PENDLETON, Ore. (AP) - The woman ran into the convenience store, yelling that her baby was dying. She clutched the child in a blanket.
A police officer asked to see the infant.
“No, you’re going to kill my baby,” she yelled. “You’re going to take my baby away from me.”
The woman released a string of profanities and a long, piercing scream. As she did, the blanket lifted slightly to reveal the infant’s plastic face. The baby was a doll.
Not to worry. The schizophrenic woman was really an actress helping officers practice what they had learned at Crisis Intervention Team training in Hermiston, Pendleton and Umatilla.
Like it or not, law enforcement officers often find themselves as front line responders for people in mental health crises. The situations can be dicey. The person might be suicidal, psychotic or delusional. Occasionally, the situations end with deadly force.
About 13 local law enforcement officers from eight agencies, plus several other participants, took crisis intervention training designed to teach them to use words and negotiation skills instead of handcuffs, Tasers and guns. A role-playing session at McNary Place in Umatilla offered numerous scenarios in various rooms inside the state mental health facility.
A woman enters a doctor’s office and demands pills, threatening the staff and hallucinating. A psychotic teen acts violently in class. A 15-year-old girl sobs, slumping against the wall after a breakup. An autistic young adult walks dangerously into a high-traffic area.
In another scenario, an elderly man sat on a park bench in winter, wearing flip-flops, sleeveless shirt and foil on his head and sharing imaginary beers with imaginary friends.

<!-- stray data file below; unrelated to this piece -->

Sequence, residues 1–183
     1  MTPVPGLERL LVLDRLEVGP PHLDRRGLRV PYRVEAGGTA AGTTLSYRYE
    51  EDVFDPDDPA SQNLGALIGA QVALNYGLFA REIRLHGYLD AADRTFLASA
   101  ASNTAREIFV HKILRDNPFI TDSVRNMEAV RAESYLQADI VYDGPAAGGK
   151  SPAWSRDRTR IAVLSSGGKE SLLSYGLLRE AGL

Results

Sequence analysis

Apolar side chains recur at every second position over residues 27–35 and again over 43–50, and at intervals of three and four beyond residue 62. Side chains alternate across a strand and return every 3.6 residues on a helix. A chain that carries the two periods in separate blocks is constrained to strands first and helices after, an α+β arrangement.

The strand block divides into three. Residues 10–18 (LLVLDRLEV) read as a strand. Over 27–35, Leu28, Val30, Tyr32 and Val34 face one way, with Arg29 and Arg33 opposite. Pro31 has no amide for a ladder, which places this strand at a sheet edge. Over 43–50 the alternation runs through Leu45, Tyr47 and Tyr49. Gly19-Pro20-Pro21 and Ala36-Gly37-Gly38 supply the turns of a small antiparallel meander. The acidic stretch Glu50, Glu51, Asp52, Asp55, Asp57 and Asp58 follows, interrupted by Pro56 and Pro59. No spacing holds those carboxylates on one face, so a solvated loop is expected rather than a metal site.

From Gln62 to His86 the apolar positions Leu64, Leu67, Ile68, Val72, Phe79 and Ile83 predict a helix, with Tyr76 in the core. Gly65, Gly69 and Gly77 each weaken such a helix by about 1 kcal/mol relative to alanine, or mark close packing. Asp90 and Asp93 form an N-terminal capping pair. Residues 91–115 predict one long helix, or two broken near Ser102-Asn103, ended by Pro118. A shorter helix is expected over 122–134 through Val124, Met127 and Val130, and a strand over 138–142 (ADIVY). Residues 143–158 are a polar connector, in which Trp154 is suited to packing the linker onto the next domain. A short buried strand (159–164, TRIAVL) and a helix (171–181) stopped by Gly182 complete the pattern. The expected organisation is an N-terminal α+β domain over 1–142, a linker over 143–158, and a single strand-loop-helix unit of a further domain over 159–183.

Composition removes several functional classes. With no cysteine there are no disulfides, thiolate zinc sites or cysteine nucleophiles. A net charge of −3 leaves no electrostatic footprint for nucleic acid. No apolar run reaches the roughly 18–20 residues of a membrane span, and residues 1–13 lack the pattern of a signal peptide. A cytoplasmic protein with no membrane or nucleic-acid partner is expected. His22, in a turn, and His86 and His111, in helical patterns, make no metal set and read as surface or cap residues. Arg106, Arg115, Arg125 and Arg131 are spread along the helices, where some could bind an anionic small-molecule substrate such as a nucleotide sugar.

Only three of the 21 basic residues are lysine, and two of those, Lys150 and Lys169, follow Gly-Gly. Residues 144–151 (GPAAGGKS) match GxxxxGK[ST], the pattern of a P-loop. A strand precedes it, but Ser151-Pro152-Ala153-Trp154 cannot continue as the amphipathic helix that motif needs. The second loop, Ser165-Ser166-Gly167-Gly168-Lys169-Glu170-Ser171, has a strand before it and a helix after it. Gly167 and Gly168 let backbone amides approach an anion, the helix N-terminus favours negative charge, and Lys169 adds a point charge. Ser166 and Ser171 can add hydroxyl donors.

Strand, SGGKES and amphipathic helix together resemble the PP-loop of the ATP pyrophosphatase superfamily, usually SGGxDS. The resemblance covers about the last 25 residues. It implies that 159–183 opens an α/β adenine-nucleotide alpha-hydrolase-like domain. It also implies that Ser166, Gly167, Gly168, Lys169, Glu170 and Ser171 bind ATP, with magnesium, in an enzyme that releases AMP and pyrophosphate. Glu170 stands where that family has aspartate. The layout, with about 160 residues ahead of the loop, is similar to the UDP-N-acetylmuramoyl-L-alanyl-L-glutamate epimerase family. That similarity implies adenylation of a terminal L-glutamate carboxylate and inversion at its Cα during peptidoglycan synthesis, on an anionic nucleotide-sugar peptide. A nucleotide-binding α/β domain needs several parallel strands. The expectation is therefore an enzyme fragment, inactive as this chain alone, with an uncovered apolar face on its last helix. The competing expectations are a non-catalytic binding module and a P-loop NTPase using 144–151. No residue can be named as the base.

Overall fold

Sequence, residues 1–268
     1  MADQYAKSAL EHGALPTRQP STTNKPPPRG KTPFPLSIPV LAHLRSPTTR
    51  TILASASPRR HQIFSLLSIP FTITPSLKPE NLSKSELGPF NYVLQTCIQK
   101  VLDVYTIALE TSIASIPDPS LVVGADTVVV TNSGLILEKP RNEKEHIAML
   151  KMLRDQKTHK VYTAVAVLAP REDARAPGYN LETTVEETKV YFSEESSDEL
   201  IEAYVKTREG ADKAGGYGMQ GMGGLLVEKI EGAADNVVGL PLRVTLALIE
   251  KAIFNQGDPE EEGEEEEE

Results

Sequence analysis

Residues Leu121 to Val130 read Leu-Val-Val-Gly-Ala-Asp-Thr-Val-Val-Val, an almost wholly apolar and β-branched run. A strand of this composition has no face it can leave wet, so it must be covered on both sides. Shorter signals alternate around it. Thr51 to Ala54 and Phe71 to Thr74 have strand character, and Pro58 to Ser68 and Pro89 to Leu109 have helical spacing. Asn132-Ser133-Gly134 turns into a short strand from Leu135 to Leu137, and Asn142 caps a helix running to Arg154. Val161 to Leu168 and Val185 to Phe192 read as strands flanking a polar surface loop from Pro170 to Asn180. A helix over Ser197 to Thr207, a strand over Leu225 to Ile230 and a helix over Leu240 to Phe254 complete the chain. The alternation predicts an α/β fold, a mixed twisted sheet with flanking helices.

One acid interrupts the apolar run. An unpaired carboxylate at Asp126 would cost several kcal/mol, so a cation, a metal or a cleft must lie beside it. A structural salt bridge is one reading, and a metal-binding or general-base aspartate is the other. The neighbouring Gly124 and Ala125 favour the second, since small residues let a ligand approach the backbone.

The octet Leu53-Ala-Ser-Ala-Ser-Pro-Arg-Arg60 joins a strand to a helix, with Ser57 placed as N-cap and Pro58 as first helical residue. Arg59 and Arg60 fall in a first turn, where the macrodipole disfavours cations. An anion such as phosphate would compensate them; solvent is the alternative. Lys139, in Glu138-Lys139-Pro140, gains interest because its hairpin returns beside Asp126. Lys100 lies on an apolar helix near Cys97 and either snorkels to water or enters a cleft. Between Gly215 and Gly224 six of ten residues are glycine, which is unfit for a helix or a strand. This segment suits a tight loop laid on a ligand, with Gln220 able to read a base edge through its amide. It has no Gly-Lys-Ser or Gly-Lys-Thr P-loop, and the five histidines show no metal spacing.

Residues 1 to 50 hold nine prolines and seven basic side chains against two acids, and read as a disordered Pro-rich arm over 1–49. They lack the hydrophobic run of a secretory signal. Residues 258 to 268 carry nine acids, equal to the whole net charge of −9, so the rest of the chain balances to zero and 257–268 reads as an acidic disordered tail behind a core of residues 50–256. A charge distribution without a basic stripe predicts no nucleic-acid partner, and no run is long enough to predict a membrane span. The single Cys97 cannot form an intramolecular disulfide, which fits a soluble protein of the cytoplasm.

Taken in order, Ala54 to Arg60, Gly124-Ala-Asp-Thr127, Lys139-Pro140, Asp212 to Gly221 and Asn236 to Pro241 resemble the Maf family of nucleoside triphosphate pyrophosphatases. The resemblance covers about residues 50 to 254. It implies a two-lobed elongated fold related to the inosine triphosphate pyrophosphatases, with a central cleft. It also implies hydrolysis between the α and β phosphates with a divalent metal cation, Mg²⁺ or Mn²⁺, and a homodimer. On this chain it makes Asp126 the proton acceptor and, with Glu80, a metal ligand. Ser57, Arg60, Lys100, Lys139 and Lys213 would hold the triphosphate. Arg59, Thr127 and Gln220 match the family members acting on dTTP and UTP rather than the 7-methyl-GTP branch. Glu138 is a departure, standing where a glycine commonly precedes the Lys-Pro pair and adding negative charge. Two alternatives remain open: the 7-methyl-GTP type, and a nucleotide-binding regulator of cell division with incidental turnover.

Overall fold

Senior Trooper Dan Chichester of the Oregon State Police crouched down by the man asking questions in soothing tones and staying out of his direct line of view. Eventually, he talked him into a ride home in a police cruiser.
After the five-minute role play, observer Hal Schaeffer gave his critique. Schaeffer is administrator of the brand-new Pendleton Creek Crisis Recovery Center across from the Eastern Oregon Correctional Institution.
Schaeffer praised Chichester for getting down to the woman’s level, instead of towering over her, and letting her guide the conversation as he gently reeled her in.
“You have to induce calm,” he said. “You’re looking for connections. You’re trying to find a way in.”
In earlier sessions, they had heard speakers broach an array of topics: psychosis, personality disorders, post-traumatic stress disorder, developmental disabilities, addiction, de-escalation techniques, suicide by cop and others.
In one session, the participants donned ear buds and discovered what it was like to have voices in their heads. Instructor Joleen Pruett-Mitchell, a registered nurse at McNary Place, directed her students to answer test questions and remember a collection of items they had viewed on a table.